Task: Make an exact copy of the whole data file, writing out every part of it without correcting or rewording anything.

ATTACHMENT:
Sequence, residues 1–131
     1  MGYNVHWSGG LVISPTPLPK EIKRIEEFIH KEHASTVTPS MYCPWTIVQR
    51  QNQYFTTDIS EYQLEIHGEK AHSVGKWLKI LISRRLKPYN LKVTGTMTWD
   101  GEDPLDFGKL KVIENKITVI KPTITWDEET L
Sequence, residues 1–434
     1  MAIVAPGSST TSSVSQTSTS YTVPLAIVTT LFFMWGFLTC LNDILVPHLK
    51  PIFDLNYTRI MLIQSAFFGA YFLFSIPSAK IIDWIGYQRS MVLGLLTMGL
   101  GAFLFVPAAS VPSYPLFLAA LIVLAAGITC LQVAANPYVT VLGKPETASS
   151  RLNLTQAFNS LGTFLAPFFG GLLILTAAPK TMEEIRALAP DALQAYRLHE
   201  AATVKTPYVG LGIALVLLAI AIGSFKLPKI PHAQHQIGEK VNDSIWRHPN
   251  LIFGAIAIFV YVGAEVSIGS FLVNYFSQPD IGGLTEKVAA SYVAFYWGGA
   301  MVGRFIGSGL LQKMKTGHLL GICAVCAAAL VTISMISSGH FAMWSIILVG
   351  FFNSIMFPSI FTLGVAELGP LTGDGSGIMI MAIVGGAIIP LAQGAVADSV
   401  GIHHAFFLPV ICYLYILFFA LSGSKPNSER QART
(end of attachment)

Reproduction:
Sequence, residues 1–131
     1  MGYNVHWSGG LVISPTPLPK EIKRIEEFIH KEHASTVTPS MYCPWTIVQR
    51  QNQYFTTDIS EYQLEIHGEK AHSVGKWLKI LISRRLKPYN LKVTGTMTWD
   101  GEDPLDFGKL KVIENKITVI KPTITWDEET L
Sequence, residues 1–434
     1  MAIVAPGSST TSSVSQTSTS YTVPLAIVTT LFFMWGFLTC LNDILVPHLK
    51  PIFDLNYTRI MLIQSAFFGA YFLFSIPSAK IIDWIGYQRS MVLGLLTMGL
   101  GAFLFVPAAS VPSYPLFLAA LIVLAAGITC LQVAANPYVT VLGKPETASS
   151  RLNLTQAFNS LGTFLAPFFG GLLILTAAPK TMEEIRALAP DALQAYRLHE
   201  AATVKTPYVG LGIALVLLAI AIGSFKLPKI PHAQHQIGEK VNDSIWRHPN
   251  LIFGAIAIFV YVGAEVSIGS FLVNYFSQPD IGGLTEKVAA SYVAFYWGGA
   301  MVGRFIGSGL LQKMKTGHLL GICAVCAAAL VTISMISSGH FAMWSIILVG
   351  FFNSIMFPSI FTLGVAELGP LTGDGSGIMI MAIVGGAIIP LAQGAVADSV
   401  GIHHAFFLPV ICYLYILFFA LSGSKPNSER QART